Lovlesh Sharma

One in every six of the Indian population lives in unauthorised colonies, and almost 95 million people live in these colonies. Out of the 93 million habitants, 80 per cent have inadequate access to sanitation, as per the 2008-09 National Sample Survey Organisation (NSSO), writes Lovlesh Sharma, Senior Water and Infrastructure Expert, W&E Vertical, Sector Coordinator Infrastructure, Master Plan Delhi (MPD-2041), NIUA.

Slum in Mumbai, India

Figure 1: Slum in Mumbai, India

The existence of unauthorised colonies

The uncontrolled migration of rural population in Urban centres has been a basic cause for the formation of unauthorised settlements in Indian cities. One in every six of the Indian population lives in unauthorised colonies, and almost 95 million people live in these colonies. The major locations of these settlements are unutilised space of the city like river flood plains, edges of railway tracks etc. As per Un-Habitat 2008 report, almost half of the world’s slum population resides in Asia, while in India, approx 45 per cent of urban households are classified as slums.

Surprisingly, out of the 93 million habitants of unauthorised colonies in India, 80 per cent have inadequate access to sanitation, as per the 2008- 09 National Sample Survey Organisation (NSSO). Interestingly, Delhi is a peculiar case in this regard, even being the capital of India, more than 40 per cent of its population still lives in unplanned colonies. However, the unauthorised colonies are, in a way, possible solutions to the homeless households in urban areas. At the same time, the unplanned nature of these settlements leads to most critical issues including access to clean water, inadequate sanitation and lack of other basic amenities.

Slum Garbage

Difficulty in infrastructure provisioning for urban local bodies

The basic challenge in unauthorised colonies is the absence of basic amenities required for the liveability. The very unplanned nature creates the first issues, as the formation of these settlements has been inorganic and unplanned, no civic amenities could be planned timely. In most of the cases, the provisioning of basic services in unauthorised colonies is an afterthought or remedial attempt. The unavailability of space to put the trunk and branch infrastructure is the core issue. As far as the drinking water supply is concerned, the household somehow gets access to it. This may be through the community taps, ground water withdrawal or access to tankers supply. The criticality arises when it comes to the sanitation facilities to these households. The inadequate facilities for sanitation make these pockets more vulnerable and challenging. For the Urban Local Bodies, the main issue is the unavailability to provide sanitation facilities.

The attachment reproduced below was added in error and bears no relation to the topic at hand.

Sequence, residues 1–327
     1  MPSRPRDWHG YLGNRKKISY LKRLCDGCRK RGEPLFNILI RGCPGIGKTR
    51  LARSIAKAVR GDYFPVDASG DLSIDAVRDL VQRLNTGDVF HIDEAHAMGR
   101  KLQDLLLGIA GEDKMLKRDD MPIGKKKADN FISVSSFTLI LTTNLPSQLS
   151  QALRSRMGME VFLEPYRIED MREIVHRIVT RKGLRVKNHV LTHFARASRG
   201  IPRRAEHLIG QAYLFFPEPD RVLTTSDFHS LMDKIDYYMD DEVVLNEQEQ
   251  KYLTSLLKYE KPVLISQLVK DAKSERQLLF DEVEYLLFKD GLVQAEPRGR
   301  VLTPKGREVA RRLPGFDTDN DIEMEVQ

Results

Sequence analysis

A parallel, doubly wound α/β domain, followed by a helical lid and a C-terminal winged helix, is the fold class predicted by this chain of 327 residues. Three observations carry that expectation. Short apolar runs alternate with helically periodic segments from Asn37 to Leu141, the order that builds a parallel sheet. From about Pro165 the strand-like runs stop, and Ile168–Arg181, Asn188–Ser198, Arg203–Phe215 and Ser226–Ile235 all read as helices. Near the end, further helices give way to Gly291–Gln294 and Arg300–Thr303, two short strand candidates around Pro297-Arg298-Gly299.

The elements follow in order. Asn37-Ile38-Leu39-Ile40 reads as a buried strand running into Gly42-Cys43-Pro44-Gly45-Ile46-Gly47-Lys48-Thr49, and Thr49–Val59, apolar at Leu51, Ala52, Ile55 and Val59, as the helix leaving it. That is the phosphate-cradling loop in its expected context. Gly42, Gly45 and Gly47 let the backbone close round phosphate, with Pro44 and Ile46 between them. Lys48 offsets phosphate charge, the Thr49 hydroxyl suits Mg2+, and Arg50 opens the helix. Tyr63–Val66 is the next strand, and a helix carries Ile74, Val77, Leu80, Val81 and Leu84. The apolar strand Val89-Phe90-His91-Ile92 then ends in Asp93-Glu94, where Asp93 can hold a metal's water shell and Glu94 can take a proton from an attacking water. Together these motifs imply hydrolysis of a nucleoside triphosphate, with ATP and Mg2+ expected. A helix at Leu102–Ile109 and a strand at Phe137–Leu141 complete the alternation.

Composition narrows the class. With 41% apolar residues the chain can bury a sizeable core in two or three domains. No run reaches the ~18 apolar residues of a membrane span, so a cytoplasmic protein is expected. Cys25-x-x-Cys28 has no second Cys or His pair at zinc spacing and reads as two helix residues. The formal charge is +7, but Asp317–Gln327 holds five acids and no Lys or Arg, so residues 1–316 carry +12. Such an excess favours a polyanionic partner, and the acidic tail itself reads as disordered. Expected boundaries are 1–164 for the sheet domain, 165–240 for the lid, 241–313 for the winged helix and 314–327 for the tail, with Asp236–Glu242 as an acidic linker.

Poor state of basic services in unauthorised colonies

Poor access to sanitation facilities in these unauthorised colonies make the situation worse not only due to inadequate provisioning, but the impact of the improper wastewater management. The sewage generated from these colonies add to the local drains making them full with untreated sewage. The vector borne diseases and the mixing of untreated sewage in ground water causes many health hazards to the habitants of these colonies. Moreover, the improperly- constructed toilet blocks have led to the health issue of several people in the unauthorised colonies across the country. The local bodies at times try their level best to arrange for the community toilet access, but considering the population density in Indian cities, it is again a tough task. Most of the households in unauthorised colonies have a system of septic tank base sanitation. This is a regular practice in rural as well as unauthorised colonies. Many planned areas in urban centres also have septic tank-based sanitation system.